Our study relies on observational data; to test the causal relationship between selective pressures and phenotypes we would need to develop experiments such as reciprocal transplants [47]. Artificial conditions created during experiments, however, may influence plant and animal responses, and cause them to differ from those in natural conditions. We advocate for the importance of observational studies developed in the wild as an essential contribution to understanding nature. Assessing the impact of selection on phenotypic variation among populations is a powerful approach to identify local adaptation in natural conditions, especially when studying long-lived organisms at broad geographical scales [22, 23]. We show that natural selection—most likely exerted by pollinators—explains flower color variation among populations of Gentiana lutea.

Supporting Information

S1 Dataset. Plant data and pollinators visits per population.


S1 Table. Phenotypic plant trait correlations.

Correlation coefficients (r) are indicated above the diagonal, and the p values are indicated below the diagonal. In bold are correlations with p < 0.05, N = 429.


S2 Table. Pollinator assemblage across Gentiana lutea populations.

We provide the number and percentage (in parentheses) of visits to G. lutea flowers of different morphological groups; some species were grouped because differentiation was difficult during census. We pooled data from 2010 and 2011; we recorded a total of 7,016 visits on 466 plants, during 130 hours of census. We included two diversity indices: S, the species richness, obtained from the number of different groups present in each population; H’, the Shannon-Weaver index which considers both species richness and abundance of species; the higher the values, the higher the diversity.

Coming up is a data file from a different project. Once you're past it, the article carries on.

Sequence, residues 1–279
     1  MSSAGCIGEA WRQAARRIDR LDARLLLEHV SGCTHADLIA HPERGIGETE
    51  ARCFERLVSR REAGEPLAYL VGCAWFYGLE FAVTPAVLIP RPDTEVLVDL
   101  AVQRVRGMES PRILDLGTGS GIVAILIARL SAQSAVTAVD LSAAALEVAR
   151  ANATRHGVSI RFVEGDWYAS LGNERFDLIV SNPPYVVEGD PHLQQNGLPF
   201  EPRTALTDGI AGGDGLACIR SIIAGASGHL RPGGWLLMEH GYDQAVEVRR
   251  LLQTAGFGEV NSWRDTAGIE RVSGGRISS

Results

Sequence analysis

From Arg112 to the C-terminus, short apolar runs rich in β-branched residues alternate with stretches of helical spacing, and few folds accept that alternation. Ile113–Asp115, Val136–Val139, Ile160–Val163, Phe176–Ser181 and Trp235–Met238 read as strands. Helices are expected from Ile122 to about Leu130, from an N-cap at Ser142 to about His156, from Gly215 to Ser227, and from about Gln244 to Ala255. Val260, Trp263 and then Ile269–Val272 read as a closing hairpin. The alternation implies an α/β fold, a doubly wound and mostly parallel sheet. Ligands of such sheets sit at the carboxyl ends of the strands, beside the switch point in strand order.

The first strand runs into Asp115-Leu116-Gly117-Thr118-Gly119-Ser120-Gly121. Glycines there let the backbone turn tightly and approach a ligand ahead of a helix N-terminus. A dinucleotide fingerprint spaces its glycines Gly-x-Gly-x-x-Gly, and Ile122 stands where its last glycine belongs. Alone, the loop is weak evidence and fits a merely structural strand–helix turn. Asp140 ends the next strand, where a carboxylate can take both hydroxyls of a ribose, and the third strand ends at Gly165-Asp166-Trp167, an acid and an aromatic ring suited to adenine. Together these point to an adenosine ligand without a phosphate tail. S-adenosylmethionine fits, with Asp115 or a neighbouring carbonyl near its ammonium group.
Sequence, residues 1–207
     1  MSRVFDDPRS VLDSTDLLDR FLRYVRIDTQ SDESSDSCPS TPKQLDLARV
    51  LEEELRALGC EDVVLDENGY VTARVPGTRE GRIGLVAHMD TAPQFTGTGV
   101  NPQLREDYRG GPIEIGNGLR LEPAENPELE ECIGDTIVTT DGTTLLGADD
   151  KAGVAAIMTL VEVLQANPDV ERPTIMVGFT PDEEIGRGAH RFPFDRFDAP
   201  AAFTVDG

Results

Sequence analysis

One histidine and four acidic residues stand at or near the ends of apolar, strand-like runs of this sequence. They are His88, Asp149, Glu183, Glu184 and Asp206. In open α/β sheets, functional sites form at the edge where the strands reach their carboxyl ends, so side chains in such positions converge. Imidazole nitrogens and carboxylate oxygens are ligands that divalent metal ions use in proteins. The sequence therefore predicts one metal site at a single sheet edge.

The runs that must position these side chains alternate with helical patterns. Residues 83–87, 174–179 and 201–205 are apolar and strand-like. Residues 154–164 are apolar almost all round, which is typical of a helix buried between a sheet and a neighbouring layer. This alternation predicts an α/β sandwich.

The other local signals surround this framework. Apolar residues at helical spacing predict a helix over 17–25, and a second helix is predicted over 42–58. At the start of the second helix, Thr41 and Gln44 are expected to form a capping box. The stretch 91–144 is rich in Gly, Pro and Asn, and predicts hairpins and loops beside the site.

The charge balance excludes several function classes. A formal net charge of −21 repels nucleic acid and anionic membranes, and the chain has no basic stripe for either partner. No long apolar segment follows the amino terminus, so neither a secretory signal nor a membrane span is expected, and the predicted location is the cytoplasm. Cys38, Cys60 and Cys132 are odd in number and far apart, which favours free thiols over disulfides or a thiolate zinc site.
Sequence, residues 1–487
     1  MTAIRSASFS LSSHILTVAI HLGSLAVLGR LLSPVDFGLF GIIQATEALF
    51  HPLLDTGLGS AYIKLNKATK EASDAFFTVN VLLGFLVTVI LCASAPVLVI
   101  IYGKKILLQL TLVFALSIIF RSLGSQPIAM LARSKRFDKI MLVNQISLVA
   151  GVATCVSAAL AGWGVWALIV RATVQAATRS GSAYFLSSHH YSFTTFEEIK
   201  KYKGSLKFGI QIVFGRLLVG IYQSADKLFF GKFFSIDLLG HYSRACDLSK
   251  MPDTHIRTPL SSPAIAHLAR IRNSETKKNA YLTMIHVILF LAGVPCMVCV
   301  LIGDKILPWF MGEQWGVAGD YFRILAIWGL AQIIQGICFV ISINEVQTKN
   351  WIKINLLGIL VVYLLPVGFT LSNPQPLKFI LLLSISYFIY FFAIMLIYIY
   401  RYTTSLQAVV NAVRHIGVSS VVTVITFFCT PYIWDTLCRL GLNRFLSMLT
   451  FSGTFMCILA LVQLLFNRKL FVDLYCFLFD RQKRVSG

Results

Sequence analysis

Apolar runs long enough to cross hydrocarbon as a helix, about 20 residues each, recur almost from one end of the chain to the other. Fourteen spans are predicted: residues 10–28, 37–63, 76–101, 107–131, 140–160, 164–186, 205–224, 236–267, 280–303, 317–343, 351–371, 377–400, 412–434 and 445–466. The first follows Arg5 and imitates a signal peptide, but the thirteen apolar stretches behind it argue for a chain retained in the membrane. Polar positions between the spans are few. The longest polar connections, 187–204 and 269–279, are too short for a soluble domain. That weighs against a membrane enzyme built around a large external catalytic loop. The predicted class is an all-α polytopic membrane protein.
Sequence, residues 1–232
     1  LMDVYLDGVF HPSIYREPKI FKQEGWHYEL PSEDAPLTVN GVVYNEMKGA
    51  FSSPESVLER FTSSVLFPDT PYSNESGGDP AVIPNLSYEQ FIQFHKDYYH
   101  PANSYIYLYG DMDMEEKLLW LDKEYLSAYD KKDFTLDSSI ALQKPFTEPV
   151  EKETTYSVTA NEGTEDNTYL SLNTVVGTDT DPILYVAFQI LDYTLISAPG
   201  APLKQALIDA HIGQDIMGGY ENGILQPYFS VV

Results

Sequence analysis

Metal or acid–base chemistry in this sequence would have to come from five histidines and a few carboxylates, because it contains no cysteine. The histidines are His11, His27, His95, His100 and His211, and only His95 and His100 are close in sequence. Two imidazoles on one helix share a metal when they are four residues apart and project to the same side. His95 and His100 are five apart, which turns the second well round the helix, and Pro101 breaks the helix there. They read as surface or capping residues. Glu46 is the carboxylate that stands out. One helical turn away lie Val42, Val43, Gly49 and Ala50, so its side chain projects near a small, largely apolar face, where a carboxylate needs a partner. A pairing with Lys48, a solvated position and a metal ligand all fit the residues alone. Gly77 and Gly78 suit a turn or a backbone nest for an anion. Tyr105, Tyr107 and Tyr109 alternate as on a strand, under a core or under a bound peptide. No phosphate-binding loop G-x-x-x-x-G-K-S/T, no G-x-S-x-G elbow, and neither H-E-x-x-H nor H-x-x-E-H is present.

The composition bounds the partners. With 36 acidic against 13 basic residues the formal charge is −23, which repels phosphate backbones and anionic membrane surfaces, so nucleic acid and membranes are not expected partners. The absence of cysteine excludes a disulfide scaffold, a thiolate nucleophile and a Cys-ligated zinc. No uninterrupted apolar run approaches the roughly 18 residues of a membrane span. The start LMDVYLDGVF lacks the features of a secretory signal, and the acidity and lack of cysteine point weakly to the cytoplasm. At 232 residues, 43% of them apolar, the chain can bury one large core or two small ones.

S3 Table. Population traits and coefficients of selection on flower color.

We calculated the mean and standard deviation (in parentheses) of the phenotypic traits, and selection coefficients on flower color, in each population. We show the standardized significant (p < 0.05) coefficients of selection on flower color [30]. We used as covariates: petal length, petal width, leaf length, the number of flowers and the height of the stalk. We obtained the total selection differential (S), direct selection gradients (β), and quadratic (γii) and correlational selection gradients (γij, γih; i = flower color, j = petal width, h = number of flowers). Note that the quadratic selection coefficients are correctly assessed by doubling the standardized coefficient obtained by the regression.



The authors thank two anonymous reviewers for improving the manuscript. T. Bermejo, F. Mato and J. Azcárate for field assistance, P. Rey for useful comments on previous versions of this manuscript, E. Ploquin for identification of Bombus spp. L. Guitián for map design, I. Neylan and P. Greenspoon for editing the manuscript and L. Salaverri for assistance making graphs.

Author Contributions

Conceived and designed the experiments: MS JMG PG JAG. Performed the experiments: TV PD JMG PG JAG MS. Analyzed the data: TV MS. Contributed reagents/materials/analysis tools: TV PD JMG PG JAG MS. Wrote the paper: TV MS PG JMG JAG.